Poll: McConnell is most unpopular senator

Senate Majority Leader Mitch McConnellAddison (Mitch) Mitchell McConnellPelosi, Schumer press for gun screenings as Trump inches away The malware election: Returning to paper ballots only way to prevent hacking First House Republican backs bill banning assault weapons MORE (R-Ky.) is America’s most unpopular senator with voters in his state, with Maine Sen. Susan CollinsSusan Margaret CollinsCook Political Report moves Susan Collins Senate race to 'toss up' The Hill's Morning Report — Trump and the new Israel-'squad' controversy Trump crosses new line with Omar, Tlaib, Israel move MORE (R) coming in as a close runner-up, a new Morning Consult poll has found.  

The results show McConnell leading the list of the country’s 10 most unpopular senators with a 50 percent job disapproval rating.

Collins trails close behind the Kentucky Republican with a 48 percent disapproval rating, followed by New Jersey Sen. Bob MenendezRobert (Bob) MenendezPelosi warns Mnuchin to stop 'illegal' .3B cut to foreign aid House passes temporary immigration protections for Venezuelans Senate panel advances bipartisan bill to lower drug prices amid GOP blowback MORE (D) and West Virginia Sen. Joe ManchinJoseph (Joe) ManchinSunday shows - Recession fears dominate Manchin: Trump has 'golden opportunity' on gun reforms Trump vows to 'always uphold the Second Amendment' amid ongoing talks on gun laws MORE (D) at 42 percent disapproval. Massachusetts Sen. Elizabeth WarrenElizabeth Ann WarrenHarry Reid: 'Decriminalizing border crossings is not something that should be at the top of the list' Warren offers plan to repeal 1994 crime law authored by Biden Panel: Jill Biden's campaign message MORE (D) has 41 percent and Alaska Sen. Lisa MurkowskiLisa Ann MurkowskiThe Hill's Morning Report - Progressives, centrists clash in lively Democratic debate Senate braces for brawl over Trump's spy chief Congress kicks bipartisan energy innovation into higher gear MORE (R) and Montana Sen. Jon TesterJonathan (Jon) TesterNative American advocates question 2020 Democrats' commitment House Democrats targeting six more Trump districts for 2020 Budget deal sparks scramble to prevent shutdown MORE (D) have 40 percent disapproval.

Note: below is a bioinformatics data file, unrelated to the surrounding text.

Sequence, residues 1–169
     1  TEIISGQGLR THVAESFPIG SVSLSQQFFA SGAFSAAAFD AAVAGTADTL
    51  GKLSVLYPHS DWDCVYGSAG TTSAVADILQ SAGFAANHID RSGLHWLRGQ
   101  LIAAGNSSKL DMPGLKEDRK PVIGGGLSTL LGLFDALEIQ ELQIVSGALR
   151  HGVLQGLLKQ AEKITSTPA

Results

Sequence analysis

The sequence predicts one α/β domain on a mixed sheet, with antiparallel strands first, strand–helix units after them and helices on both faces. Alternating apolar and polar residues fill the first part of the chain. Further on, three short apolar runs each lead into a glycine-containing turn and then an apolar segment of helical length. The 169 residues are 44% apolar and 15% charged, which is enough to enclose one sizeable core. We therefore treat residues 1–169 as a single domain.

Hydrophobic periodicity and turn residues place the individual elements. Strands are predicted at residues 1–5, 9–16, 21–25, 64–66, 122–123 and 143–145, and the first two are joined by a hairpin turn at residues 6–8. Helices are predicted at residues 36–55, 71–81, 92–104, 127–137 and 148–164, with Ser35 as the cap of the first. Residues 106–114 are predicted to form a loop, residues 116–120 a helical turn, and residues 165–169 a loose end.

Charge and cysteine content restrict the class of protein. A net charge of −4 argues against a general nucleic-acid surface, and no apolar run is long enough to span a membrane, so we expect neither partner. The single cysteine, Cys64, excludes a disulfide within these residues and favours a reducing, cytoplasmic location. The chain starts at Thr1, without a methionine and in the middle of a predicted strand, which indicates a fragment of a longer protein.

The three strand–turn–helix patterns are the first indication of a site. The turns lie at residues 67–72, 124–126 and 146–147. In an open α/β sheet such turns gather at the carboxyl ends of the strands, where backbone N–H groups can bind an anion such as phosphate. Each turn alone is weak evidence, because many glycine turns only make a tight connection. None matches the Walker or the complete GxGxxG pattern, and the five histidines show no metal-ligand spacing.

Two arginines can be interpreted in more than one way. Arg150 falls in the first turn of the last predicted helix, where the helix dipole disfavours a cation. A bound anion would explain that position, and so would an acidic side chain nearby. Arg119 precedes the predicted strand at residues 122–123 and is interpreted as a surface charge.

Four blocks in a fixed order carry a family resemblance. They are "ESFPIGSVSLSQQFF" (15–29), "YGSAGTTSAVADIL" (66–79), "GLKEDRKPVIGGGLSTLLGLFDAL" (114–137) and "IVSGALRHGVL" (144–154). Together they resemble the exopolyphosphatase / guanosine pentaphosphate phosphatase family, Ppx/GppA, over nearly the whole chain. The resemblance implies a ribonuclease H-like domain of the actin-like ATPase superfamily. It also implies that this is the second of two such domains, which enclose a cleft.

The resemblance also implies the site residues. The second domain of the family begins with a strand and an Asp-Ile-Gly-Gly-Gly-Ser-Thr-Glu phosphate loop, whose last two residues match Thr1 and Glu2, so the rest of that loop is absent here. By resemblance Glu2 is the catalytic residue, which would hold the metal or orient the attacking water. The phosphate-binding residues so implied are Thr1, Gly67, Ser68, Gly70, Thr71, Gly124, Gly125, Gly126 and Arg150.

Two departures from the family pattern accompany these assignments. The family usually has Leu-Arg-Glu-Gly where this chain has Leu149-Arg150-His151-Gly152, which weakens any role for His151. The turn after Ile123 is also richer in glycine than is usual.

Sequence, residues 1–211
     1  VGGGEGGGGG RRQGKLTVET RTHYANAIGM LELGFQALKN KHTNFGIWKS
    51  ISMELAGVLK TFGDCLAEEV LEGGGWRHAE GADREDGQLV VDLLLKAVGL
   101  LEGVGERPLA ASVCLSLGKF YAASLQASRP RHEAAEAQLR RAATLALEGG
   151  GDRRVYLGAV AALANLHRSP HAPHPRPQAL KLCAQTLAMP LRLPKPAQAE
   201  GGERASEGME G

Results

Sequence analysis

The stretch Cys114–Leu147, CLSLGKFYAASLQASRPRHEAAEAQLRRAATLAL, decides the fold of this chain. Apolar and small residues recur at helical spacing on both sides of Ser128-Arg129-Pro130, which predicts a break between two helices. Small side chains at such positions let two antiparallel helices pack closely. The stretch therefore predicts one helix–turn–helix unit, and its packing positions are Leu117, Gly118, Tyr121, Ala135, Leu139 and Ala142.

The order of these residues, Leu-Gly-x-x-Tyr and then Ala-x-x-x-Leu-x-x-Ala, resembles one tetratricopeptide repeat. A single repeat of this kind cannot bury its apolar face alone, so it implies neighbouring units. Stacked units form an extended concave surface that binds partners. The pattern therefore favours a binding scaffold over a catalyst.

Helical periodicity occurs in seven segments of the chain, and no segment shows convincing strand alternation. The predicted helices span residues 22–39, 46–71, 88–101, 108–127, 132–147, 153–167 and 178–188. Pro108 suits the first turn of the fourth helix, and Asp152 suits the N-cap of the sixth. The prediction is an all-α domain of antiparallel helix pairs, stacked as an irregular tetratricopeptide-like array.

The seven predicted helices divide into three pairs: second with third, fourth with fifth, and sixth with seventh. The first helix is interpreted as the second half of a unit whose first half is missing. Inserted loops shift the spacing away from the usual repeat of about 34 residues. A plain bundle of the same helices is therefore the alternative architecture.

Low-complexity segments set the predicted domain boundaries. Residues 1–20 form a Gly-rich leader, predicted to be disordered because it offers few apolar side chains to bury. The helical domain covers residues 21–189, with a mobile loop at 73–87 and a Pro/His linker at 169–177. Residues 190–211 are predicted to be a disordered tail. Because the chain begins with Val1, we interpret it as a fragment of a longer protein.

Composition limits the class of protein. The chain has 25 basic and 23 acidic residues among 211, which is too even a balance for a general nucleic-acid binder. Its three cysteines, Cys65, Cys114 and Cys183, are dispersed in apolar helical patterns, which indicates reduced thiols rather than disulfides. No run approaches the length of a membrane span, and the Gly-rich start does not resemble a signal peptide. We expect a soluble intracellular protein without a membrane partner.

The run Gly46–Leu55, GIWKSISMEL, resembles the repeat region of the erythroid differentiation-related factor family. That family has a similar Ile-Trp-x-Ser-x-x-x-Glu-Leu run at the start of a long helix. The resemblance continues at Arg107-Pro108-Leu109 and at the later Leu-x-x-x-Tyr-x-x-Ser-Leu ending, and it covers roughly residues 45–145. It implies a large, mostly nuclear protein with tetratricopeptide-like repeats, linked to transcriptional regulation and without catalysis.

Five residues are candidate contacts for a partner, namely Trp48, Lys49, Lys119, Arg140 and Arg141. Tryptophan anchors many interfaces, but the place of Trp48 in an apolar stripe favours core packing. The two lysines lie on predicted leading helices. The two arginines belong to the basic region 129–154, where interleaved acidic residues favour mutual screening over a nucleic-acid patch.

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Republican Sens. Roy BluntRoy Dean BluntEx-CIA chief worries campaigns falling short on cybersecurity GOP group targets McConnell over election security bills in new ad Budget deal sparks scramble to prevent shutdown MORE (Mo.), Rand PaulRandal (Rand) Howard PaulGraham promises ObamaCare repeal if Trump, Republicans win in 2020 Conservatives buck Trump over worries of 'socialist' drug pricing Rand Paul to 'limit' August activities due to health MORE (Ky.) and Chuck GrassleyCharles (Chuck) Ernest GrassleyWhite House denies exploring payroll tax cut to offset worsening economy Schumer joins Pelosi in opposition to post-Brexit trade deal that risks Northern Ireland accord GOP senators call for Barr to release full results of Epstein investigation MORE (Iowa) each have a 39 percent disapproval rating.